While it is a known fact that Delhi owes much of its cultural glory and grandeur to the Mughals, not many know much about Mughal Architecture. In fact, one out of every four people residing in Delhi hasn't even visited any of these architectural marvels.
The arrival of the Mughals was a turning point in Indian history, more so in its architecture. Greatly influenced by the Persian styles, all the early Mughal rulers constructed excellent mausoleums, mosques, forts, gardens and cities. The Mughal buildings show a uniform pattern both in structure and character. The main characteristic features of Mughal architecture are its bulbous domes, slender minarets with cupolas at four corners, large halls, lattice work, massive vaulted gateways and delicate ornamentation.
The beginning of the Mughal era under Babar, followed by Humayun doesn't have much architectural significance for Delhi. Akbar on the other hand, was spiritually inclined and with him began a flourishing era of Mughal architecture. His son Jahangir, an aesthete contributed to this era with many tombs built in the glory of nobility who had been at court since his father’s times. The chief amongst his works was refurbishing and restoring the tomb of the venerated Sheikh Nizamuddin Auliya.
Shah Jahan needs no introduction to the architectural world. While his masterpiece Taj Mahal is located in Agra
, his magic touched Delhi also in form of the city of Shahjahanabad, built along the banks of the Yamuna in Delhi. Architecture of Delhi during his era was done at a very idyllic pace, as if the entire city was in love with the process of building itself. His son, Auranzeb on the other hand, proved to be a disappointment in the annals of Mughal architecture. Busy dealing with political strife, whatever little he contributed was within the walled city of Shahjahanabad itself. Gradually, as the Mughal Dynasty declined and the British rose to power, the rulers to seemed to have less and less resources in their hand to devote much to architecture.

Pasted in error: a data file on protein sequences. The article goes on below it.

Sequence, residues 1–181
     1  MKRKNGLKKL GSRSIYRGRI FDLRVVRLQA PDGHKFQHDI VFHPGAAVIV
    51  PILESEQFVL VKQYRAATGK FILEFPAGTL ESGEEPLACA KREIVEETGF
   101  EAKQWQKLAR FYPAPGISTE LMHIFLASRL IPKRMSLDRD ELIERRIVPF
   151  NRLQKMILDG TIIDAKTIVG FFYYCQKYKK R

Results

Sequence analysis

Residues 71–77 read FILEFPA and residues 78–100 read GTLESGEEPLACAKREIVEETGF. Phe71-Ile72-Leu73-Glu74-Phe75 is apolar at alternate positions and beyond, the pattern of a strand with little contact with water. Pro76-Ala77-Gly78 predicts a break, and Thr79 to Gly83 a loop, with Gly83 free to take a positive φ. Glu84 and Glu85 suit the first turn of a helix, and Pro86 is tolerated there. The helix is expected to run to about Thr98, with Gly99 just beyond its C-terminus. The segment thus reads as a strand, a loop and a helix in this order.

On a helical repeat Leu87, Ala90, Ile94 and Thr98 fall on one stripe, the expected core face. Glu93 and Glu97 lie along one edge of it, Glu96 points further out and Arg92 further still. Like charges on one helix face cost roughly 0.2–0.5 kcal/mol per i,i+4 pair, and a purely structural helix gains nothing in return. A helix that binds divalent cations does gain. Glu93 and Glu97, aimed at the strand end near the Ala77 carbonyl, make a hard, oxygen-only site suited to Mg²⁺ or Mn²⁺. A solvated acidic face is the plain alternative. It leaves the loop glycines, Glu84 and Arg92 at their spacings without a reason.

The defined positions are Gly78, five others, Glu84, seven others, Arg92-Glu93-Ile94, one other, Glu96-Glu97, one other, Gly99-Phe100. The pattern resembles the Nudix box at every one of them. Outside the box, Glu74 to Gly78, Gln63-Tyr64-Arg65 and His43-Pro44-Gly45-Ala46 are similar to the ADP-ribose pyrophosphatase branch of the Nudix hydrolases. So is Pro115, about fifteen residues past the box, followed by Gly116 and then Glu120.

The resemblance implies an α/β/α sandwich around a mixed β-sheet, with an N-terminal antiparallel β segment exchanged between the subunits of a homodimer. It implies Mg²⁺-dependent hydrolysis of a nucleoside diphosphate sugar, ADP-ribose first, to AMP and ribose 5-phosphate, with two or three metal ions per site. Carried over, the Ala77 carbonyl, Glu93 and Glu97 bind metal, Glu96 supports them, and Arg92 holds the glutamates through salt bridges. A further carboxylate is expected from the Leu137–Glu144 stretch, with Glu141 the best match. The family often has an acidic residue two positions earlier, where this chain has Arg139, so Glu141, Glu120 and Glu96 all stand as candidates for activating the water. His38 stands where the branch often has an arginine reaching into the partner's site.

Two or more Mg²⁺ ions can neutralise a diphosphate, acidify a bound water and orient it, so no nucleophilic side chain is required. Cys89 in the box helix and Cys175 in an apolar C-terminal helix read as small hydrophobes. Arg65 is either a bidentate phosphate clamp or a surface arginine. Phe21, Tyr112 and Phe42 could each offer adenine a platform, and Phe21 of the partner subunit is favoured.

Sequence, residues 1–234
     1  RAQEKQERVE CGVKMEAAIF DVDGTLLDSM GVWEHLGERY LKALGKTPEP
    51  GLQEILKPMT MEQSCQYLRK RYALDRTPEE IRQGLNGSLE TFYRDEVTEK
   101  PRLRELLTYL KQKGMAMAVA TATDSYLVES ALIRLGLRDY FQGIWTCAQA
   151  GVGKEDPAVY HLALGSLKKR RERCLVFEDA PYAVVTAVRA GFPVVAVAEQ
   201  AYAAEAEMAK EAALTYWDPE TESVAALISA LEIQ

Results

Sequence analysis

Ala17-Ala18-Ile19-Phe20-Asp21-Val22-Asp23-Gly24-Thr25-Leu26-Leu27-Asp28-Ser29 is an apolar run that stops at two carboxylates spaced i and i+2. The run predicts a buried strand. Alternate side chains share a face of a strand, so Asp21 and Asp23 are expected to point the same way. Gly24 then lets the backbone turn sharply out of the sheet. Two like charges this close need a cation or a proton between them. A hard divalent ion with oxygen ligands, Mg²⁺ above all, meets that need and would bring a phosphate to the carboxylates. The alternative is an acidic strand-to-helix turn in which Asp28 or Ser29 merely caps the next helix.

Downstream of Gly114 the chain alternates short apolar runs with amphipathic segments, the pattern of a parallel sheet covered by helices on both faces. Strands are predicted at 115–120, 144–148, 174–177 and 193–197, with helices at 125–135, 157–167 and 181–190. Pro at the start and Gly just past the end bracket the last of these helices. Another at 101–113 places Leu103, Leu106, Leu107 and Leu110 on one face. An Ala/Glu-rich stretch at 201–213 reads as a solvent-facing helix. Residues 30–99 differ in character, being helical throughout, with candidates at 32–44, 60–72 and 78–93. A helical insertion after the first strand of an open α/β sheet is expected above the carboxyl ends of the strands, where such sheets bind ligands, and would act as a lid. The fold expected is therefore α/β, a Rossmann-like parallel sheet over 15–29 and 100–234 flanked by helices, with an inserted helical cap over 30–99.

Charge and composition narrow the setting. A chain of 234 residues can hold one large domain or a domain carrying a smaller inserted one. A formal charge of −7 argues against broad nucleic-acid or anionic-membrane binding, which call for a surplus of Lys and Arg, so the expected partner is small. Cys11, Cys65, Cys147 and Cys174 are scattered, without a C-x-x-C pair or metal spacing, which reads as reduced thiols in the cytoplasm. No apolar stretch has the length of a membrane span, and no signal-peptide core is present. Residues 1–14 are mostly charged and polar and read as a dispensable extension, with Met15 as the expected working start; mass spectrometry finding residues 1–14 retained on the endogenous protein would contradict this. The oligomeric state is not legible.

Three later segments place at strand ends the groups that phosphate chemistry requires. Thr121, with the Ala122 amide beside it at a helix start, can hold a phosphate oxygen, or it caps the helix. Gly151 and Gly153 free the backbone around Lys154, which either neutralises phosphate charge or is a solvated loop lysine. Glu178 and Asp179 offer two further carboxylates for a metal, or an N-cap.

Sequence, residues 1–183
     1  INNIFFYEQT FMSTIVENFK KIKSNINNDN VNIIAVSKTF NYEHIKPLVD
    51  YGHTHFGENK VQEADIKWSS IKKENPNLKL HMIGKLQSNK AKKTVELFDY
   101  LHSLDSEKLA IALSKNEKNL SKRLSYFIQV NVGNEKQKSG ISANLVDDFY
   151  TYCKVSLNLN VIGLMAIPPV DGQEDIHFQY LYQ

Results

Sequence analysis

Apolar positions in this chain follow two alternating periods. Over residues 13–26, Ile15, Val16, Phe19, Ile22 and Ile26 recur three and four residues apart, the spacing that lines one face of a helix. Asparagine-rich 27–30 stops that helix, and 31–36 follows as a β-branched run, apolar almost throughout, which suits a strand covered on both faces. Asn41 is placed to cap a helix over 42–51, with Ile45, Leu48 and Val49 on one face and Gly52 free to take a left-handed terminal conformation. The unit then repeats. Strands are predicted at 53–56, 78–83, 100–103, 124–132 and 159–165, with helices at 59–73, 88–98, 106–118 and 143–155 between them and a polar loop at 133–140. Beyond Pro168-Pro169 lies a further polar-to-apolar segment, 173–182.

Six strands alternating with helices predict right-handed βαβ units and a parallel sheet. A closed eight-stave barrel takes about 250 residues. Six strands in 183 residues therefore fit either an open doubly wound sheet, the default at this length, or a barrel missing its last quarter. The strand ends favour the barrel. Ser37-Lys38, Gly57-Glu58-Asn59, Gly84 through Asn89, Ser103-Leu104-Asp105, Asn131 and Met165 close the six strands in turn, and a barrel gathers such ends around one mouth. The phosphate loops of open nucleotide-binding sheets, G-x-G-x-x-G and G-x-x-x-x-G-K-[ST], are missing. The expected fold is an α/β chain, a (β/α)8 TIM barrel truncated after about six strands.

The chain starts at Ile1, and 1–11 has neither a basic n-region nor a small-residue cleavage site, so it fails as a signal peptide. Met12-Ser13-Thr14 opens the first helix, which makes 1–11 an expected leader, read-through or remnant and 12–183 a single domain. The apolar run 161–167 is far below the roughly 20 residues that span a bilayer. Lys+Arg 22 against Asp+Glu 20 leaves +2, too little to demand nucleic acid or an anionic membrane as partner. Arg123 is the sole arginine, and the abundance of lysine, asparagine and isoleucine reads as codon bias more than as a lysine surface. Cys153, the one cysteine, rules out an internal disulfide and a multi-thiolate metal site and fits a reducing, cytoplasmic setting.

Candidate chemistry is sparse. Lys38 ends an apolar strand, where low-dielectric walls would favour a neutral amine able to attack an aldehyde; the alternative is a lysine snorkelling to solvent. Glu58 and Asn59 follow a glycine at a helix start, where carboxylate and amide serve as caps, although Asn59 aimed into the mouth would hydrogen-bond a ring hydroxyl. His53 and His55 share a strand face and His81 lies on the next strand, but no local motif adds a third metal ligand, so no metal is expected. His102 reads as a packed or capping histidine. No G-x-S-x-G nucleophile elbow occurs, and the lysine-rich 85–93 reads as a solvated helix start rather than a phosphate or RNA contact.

Mention must however; be made of the women in the Mughal Empire who despite being behind the purdah, yielded immense wealth and power to contribute radiant architectural wonders. The first amongst them is Haji Begum, wife of Mughal emperor Humayun who built the Humayun’s tomb. Again, Nur Jahan was known as a great patron of architecture and built many beautiful palaces, gardens and mosques. Jahangir’s daughter Princess Jahanara participated in major architectural projects in the new Mughal capital, Shahjahanabad. She was the patron of at least five important buildings there. The pulse of Shahjahanabad - the bazaar of Chandni Chowk (“moonlight square”) - was designed by Jahanara.
While it might not be possible for everyone to devote time to each and every architectural marvel of the Mughal era, the best of it can’t be resisted. Here’s a list of ten Delhi Mughal monuments you have to make time for.
Right up on this list is Humayun’s Tomb, built as mentioned before by Haji Begum in memory of her loving husband, Humayun. Listed in UNESCO’s World Heritage sites, it is the first garden tomb to be built in the Indian subcontinent. This original masterpiece made in red sandstone is known to be the inspiration for Taj Mahal. Ironically, neither this monument nor the love story associated with it is not as popular as the one it inspired.